On January 19, 1847, however, Taos Indians, led by Tomasito Tomasito , joined the insurrectionists in the village who were led by Pablo Montoya Montoya, Pablo . Together, they destroyed the homes of American settlers and attacked the residence of Charles Bent. Bent himself was killed and scalped, as were other Americans and Mexican supporters of the new regime. The insurrectionists then burned a nearby distillery at Arroyo Hondo, also operated by a U.S. citizen. Similar uprisings occurred at other northern communities, most notably at Mora, where seven more U.S. settlers, many of them Santa Fe traders, were killed.

When news of these events reached Santa Fe Santa Fe, New Mexico;U.S. occupation of , Colonel Price Price, Sterling immediately set out for Taos with 480 men and four artillery pieces, while Vigil Vigil, Donaciano took over as provisional governor and issued a proclamation denouncing the rebels. Numbering almost two thousand, the insurgents met Price’s forces on January 29, 1847, at the village of Cañada, twenty-five miles north of Santa Fe. The U.S. settlers drove the rebels toward the Pueblo de Taos, where they made their stand in the fortress-like church. On February 3, 1847, the battle resumed. Turning their artillery on the church, the U.S. forces breached the walls, forcing the insurgents out. After more fighting, the Taos Indians and their Hispanic allies eventually surrendered. The insurgents suffered losses of 150 persons. U.S. losses were seven killed and forty-seven wounded.

While Tomasito Tomasito was in custody awaiting trial, he was shot and killed by a U.S. soldier who believed he had been responsible for Bent’s murder. Pablo Montoya Montoya, Pablo and fourteen other insurgents were tried by court-martial and sentenced to death. The New Mexico civil court indicted other conspirators, who were subsequently tried for treason Treason;and Taos Rebellion[Taos Rebellion] against the United States and executed.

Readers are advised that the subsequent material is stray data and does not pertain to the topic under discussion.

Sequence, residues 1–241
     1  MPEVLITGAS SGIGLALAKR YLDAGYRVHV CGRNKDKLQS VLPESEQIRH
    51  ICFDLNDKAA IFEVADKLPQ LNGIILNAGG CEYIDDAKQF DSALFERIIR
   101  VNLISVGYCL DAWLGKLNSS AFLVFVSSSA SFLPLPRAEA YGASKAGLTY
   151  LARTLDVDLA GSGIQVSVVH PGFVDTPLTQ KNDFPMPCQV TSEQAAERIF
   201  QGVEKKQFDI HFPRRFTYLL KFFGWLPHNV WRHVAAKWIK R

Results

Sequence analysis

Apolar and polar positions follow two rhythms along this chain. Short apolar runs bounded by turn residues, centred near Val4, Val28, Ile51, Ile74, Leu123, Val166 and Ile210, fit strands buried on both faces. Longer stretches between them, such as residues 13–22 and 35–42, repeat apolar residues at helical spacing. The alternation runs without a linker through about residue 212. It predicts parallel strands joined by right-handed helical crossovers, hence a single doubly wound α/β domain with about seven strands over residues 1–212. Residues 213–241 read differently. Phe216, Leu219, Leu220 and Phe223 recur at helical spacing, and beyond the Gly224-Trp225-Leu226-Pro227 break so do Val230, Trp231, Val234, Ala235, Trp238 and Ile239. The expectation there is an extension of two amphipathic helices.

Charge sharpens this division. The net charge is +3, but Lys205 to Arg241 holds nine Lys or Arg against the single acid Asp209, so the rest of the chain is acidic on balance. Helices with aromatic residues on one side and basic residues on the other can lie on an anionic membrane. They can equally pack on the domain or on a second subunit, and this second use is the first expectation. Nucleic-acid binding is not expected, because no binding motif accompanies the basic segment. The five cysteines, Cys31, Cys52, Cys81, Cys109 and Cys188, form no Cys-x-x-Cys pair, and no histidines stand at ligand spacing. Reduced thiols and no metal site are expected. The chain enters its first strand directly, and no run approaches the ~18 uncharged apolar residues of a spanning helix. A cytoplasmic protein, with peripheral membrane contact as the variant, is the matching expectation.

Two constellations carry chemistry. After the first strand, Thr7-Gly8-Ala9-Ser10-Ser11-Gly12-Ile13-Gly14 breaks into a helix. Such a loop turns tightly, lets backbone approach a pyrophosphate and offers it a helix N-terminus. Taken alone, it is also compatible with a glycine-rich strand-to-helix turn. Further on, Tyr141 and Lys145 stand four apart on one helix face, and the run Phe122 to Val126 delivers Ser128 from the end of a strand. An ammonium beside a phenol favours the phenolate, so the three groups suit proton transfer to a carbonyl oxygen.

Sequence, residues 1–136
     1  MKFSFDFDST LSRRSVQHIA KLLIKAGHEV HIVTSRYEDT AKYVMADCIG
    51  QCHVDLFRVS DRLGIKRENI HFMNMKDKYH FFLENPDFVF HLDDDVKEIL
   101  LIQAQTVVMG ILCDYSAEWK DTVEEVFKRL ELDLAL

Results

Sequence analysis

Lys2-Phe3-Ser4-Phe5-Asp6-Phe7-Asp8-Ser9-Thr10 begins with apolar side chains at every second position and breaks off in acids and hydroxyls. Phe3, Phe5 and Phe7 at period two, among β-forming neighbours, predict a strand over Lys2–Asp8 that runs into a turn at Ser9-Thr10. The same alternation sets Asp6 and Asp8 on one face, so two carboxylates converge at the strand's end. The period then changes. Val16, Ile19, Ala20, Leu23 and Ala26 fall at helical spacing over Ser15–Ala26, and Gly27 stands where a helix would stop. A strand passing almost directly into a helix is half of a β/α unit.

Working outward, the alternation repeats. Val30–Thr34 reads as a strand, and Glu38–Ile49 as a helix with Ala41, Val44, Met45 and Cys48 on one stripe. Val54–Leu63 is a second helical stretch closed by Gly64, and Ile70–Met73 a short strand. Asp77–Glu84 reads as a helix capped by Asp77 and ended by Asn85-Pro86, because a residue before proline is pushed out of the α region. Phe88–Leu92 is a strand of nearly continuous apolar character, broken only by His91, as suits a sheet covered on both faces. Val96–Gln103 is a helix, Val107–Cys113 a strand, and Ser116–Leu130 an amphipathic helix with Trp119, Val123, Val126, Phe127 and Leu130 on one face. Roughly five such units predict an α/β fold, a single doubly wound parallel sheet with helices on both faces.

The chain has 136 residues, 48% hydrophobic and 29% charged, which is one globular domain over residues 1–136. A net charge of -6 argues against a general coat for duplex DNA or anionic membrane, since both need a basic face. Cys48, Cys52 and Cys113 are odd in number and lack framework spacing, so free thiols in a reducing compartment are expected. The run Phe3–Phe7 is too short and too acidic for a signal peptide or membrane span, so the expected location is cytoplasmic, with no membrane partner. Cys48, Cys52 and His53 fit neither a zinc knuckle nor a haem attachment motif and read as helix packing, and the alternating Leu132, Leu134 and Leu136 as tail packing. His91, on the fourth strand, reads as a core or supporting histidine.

U.S. president James K. Polk and Secretary of War William L. Marcy Marcy, William L. later pointed out that the Mexican conspirators could not actually have been guilty of treason against the United States, as the United States and Mexico were still at war at the time of the Taos Rebellion. Nevertheless, they supported the measures taken to end the uprising and the executions of its principal leaders. Diego Archuleta fled New Mexico before he could be apprehended but later returned, took the oath of allegiance to the United States, and became active in territorial politics. Padre Martínez, against whom nothing was ever proven definitely, also escaped indictment and continued his leadership role in northern New Mexico until his death in 1867.


Although peace returned to New Mexico after the uprising, four years of military rule followed. In 1850, the Territory of New Mexico was finally established. Although Anglo-Americans tended to dominate federally appointed positions, the New Mexico ricos established firm control over the legislative assembly, largely securing their place in the new order. Other native New Mexicans, however, lost their lands to unscrupulous Anglo-American lawyers who used their knowledge of U.S. law and their political connections to undermine land guarantees given in the Treaty of Guadalupe Hidalgo, which ended the Mexican War. The Taos Indians lost much of their former territory during the period of U.S. rule over New Mexico.